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Mapping Activities

Mapping activities in the Census Organization:


The Census Organization of India is one of the largest producers of maps in the country. It has nearly 130 years of experience of disseminating census data and publications of maps. Standards of cartographic excellence can be seen in the geographical maps published in the census reports of 1872 of North-West Provinces, Cochin, Bengal and the very excellent volume of maps of different collectorates of the Bombay Presidency of the same decade, the five taluk maps of Mysore state published in census report of 1891, maps published in the Encyclopedia Linguistic Survey of India, the state census reports of 1931, the Special All India Ethnographic Appendix published in 1933 and the maps included in the District Census Handbooks of 1951 onwards. A major shift in mapping census data however, was witnessed during Census of India 1961 when the first Census Atlas of 1961 was published in 1968. In addition, the state and union territory atlases were also published as a sequel. The tradition continued in the subsequent censuses also


The preparation of administrative maps has been part of Census taking since 1872 when first census was held in India non-synchronously. Since 1881, synchronous census held throughout the country and continued uninterruptedly. The Census 2011 will be the fifteenth in the series since beginning and seventh since Independence. The mapping activities also remained integral part of it.


The administrative maps prepared for the census helps in covering all the areas in the country without any omission and overlapping. Therefore, the organization prepares administrative unit maps at all levels i.e. State and Union territories, districts, sub-districts (Tehsil /Taluk/ CD blocks/Police stations etc.), villages, towns, wards and the enumeration Blocks.


Two kinds of maps are prepared by the organization.  

  1. Maps for use in Census (pre-census)  

  2. Maps for use in data dissemination (post-census)  


Census mapping provides an accurate geographic frame to ensure distinctiveness of units of enumeration. As pre-requisites before census taking, the jurisdictional boundaries are frozen. Various level of territorial units according to which census is to be conducted are clearly delineated and their maps are secured. The maps help to clearly demarcate the boundaries of the country as well as its division into provincial territories and further sub-division into districts and down to the smallest enumeration areas of villages and towns. The census organization make sure that these maps representing the latest position of the administrative jurisdiction and all changes notified by the State Government in respect of the clubbing of villages or determination of boundaries of municipalities etc., are properly accounted for. With the help of these maps the census officers responsible for enumeration of the territory clearly know the dividing line between his/her jurisdiction. The purpose is to ascertain that the units of enumeration are not overlapping and that they are collectively exhaustive. These maps are used in each phases of census taking, i.e., House listing operation and Population Enumeration.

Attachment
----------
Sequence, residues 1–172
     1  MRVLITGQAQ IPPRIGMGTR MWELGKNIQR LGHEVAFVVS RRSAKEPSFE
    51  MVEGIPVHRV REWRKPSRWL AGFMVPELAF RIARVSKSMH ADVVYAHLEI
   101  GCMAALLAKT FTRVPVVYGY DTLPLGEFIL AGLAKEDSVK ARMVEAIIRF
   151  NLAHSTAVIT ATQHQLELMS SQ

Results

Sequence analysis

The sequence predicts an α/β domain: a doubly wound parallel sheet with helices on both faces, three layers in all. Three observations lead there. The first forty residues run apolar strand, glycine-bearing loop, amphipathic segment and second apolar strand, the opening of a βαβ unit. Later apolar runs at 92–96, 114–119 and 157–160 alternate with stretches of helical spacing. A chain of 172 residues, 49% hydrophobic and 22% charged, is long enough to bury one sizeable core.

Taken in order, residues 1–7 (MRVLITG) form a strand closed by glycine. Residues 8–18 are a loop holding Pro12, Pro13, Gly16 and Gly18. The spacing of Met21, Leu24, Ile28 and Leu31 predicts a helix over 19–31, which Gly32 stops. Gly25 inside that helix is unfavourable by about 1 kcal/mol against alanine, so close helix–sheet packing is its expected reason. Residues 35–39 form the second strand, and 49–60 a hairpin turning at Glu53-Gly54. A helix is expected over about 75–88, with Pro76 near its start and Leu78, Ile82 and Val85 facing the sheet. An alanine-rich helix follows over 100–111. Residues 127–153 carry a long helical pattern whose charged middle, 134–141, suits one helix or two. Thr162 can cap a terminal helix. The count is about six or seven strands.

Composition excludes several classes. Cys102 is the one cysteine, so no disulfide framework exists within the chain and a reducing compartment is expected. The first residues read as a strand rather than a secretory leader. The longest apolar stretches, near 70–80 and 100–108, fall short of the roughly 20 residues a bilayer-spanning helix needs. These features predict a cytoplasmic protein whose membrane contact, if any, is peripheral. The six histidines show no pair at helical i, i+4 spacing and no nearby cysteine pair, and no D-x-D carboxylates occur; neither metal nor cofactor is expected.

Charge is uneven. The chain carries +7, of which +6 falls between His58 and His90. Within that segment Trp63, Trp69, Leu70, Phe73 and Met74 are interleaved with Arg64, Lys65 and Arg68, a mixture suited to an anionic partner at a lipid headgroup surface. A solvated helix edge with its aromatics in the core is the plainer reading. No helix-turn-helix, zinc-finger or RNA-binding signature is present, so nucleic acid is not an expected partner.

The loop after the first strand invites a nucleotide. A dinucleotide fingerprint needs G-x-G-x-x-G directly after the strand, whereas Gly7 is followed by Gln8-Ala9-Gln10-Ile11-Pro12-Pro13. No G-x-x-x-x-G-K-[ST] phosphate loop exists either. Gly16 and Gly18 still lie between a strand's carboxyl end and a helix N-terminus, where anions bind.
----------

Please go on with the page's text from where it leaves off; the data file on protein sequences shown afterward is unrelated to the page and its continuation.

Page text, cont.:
The post-census mapping includes dissemination of the census data through thematic maps on various Census themes at State/District/sub-District or village level allowing proper spatial analysis. These are published in various map products like Census Atlases and Districts Census Handbooks (DCHB). During each census, the organization produces more than ten thousand administrative and thematic maps, which are made available for the user agencies, planners, researchers, students and policy makers. Census Atlas, Administrative Atlas, Language Atlas, Historical Atlas of India and of each state and Map profile are some of the prominent decennial publications of the organization. Some of the nail views are given below.



Besides, maps are also published in special reports, monographs and publications like Temples of Tamil Nadu. Regional Division of India at the National and State levels and district maps showing village boundaries is one of the prestigious product of this organization.


Updating of the GIS tools, which were introduced and adopted since late 1990’s in the Census Organization, has speeded up the process and enhanced the quality of the maps. The Census Organization has the capability and the infrastructure for generating theme based maps using GIS but for use on the Internet, it was considered important to look for appropriate technology. In 2001, Census GIS India was a step in this direction, which allowed generating thematic maps based on Census data, on an interactive basis using GIS technology. A software was developed and available at the Census of India Website which allows generation of thematic maps based results of 2001 Census, free of cost and has become very popular among Government departments, NGOs, Universities, Research Scholars and other data users. This software in a way has de-mystified GIS and has now become a friendly tool to analyze Census data using GIS technology on the Internet.

Dr. C. Chandramouli, Registrar General & Census Commissioner, India is receiving the The Indian Geospatial Award 2009 from Dr. T. Ramasami, Secretary, Deptt. of Science & Technology, Govt. of India on 09-08-2010



Dr. C. Chandramouli, Registrar General & Census Commissioner, India is addressing the august gathering at the Deptt. of Science & Technology, Govt. of India on 09-08-2010




Dr. A.P Singh, Deputy Registrar General (Map) receiving the award being the largest GIS technology user in the country from Mr. Jack Dangermond, ESRI inc.USA, Dated 22-04-2010